Rob Lowe wins big in California tax appeal
The Board of Equalization recently allowed actor Rob Lowe and his wife, Sheryl Berkoff, to include millions of dollars of improvement costs in the basis of their home, even though the Lowes conceded they had no records to substantiate the costs.1
The Lowes sold their home in Montecito, California in 2005 for $25,000,000, and reported a gain of just over $10 million. However, the FTB examined the Lowes' 2005 return and determined that they had underreported their gain by approximately $9 million. The taxpayers are obviously not in dire financial straits here, but that sort of gap results in a large tax assessment by anyone's standards.
The Lowes argued that they were unable to present documents to support their basis numbers because their business manager had lost them (apparently his computer had crashed). They did, however, present testimony from their business managers, as well as contractors and professionals who had worked on the property.
The Lowes asked the Board to apply the Cohan rule, and allow an estimate of their construction and improvement costs. Continuing what has been a taxpayer-friendly trend in recent Board decisions, the Board ruled in favor of the taxpayers and allowed them to adopt a basis of $12,167,208, which results in an estimated tax benefit to the Lowes of $514,000.
There was some disagreement among the Board members on this case. The five-member Board voted 3-2 in favor of the taxpayers, but Board Member Jerome Horton then issued a press release stating, "The gap between the rich and poor just got wider with this gift of public funds to one of our most affluent citizens. I love Rob Lowe's movies, but not enough to gift him $514,000 of California's taxpayer dollars."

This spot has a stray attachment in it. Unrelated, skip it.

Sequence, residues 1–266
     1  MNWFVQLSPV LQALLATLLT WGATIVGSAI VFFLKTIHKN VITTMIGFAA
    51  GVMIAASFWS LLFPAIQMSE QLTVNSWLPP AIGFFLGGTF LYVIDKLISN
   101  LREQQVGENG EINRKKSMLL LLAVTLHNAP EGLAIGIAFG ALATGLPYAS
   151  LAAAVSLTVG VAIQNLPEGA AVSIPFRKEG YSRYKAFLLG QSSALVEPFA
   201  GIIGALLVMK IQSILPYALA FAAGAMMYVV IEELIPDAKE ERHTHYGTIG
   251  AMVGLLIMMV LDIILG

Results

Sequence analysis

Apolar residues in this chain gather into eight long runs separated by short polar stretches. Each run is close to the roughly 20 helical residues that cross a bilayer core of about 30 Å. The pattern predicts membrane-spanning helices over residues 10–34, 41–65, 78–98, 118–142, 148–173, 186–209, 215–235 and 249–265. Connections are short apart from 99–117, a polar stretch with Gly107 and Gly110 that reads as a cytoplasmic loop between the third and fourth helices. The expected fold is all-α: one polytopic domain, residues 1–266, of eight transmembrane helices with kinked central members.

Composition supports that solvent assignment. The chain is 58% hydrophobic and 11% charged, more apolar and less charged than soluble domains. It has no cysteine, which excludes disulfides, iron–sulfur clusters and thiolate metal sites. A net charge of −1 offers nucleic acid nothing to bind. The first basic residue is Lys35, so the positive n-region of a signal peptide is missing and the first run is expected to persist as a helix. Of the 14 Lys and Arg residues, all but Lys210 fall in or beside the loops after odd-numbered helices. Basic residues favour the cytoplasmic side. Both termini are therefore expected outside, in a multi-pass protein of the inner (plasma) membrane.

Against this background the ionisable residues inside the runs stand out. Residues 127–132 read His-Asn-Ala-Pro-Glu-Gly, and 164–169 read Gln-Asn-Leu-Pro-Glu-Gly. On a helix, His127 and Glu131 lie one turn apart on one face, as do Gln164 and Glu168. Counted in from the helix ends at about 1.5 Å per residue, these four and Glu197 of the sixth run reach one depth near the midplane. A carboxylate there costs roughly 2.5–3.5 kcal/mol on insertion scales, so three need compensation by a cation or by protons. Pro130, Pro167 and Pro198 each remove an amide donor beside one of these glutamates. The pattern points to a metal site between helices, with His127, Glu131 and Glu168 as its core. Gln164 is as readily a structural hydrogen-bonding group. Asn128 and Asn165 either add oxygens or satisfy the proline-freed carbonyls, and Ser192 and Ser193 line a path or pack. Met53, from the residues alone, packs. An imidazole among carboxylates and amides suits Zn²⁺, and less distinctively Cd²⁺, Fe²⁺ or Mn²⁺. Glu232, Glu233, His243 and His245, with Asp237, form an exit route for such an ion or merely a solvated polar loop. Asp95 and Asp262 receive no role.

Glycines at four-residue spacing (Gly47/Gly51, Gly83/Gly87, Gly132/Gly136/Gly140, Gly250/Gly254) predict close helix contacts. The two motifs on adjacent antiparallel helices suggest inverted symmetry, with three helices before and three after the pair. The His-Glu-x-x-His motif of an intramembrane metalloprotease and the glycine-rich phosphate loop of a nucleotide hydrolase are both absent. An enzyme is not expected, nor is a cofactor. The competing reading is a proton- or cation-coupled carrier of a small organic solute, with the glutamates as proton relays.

To view the recording of the November 17, 2015 Board meeting where this case was heard (and the Lowes testified), go to www.youtube.com/watch?v=UHI3GghAPYo. The case is heard about 38 minutes in.
1 Appeal of Lowe and Berkoff, Cal. St. Board of Equal. Case No. 571973
Stop in the name of malpractice
"Good morning, Santa Rosa … er … San Rafael. Where am I?" After more than two months on the road for our Fed/Cal seminars I had a bad case of RRS (Repeatedly Redundant Syndrome). Every hotel begins to seem the same, the rental cars are all boring, and the questions I get from attendees are redundantly repeated.
Without a doubt, the most common question I got from attendees this season was some variation on this: "My client has seven employees, one of which is the owner. The company reimburses the owner for his health insurance that covers his entire family. One employee is on Medicare, and the company reimburses him for his Medicare premiums. The company provides health insurance for two employees but doesn't cover the other three. Is that okay?"
By the end of the season my pat response was: "STOP!"
Notice 2013-54 has made tax practitioners as nervous as a long-tail cat in a room full of rocking chairs. It provides for a penalty of $100 per day per participant in nonqualifying health reimbursement arrangements, which can include such common arrangements as HRAs and health FSAs. With only three participants, that reckons to over $100,000 per year.
Look, I understand. Our clients want us to be their lawyer, their investment advisor, and their marriage counselor — and if one won't, another one will. And with almost a million tax practitioners in the U.S., there's always another one just down the street.
But, let me ask you this: As a tax practitioner, do you advise your clients on the intricacies of operating their pension plans? Of course not and for obvious reasons — because operating a pension plan involves more than tax law, most notably complying with ERISA. We tell our clients to go visit a pension consultant.
Well, guess what? Health insurance and reimbursement arrangements for employees are now covered not only by the Internal Revenue Code but also by ERISA, HIPAA, the ACA itself, and other laws.
Just accept it. When it comes to tax practitioners advising clients on health plans for employers, we're now as competent as a one-legged man in a butt-kickin' contest and as useful as a steering wheel on a mule. So, STOP!
Tell your client to go see a benefits consultant and if they won't, let them go to Another One down the street. When it's Another One's malpractice suit and not yours, you'll be grinnin' like a goat in a briar patch.
If you're tired of crunching numbers, try crunching letters! Click here for the answers.
A few fun facts about this week's writers:
Renée Rodda, J.D., when not writing, researching, and helping Spidell customers, enjoys riding her horses, Eli and Ava.
Tim Hilger, CPA, is busily preparing taxes today. Tim is a golf nut who has played courses in all 50 states and often reminisces about his younger days shredding on his bass guitar.
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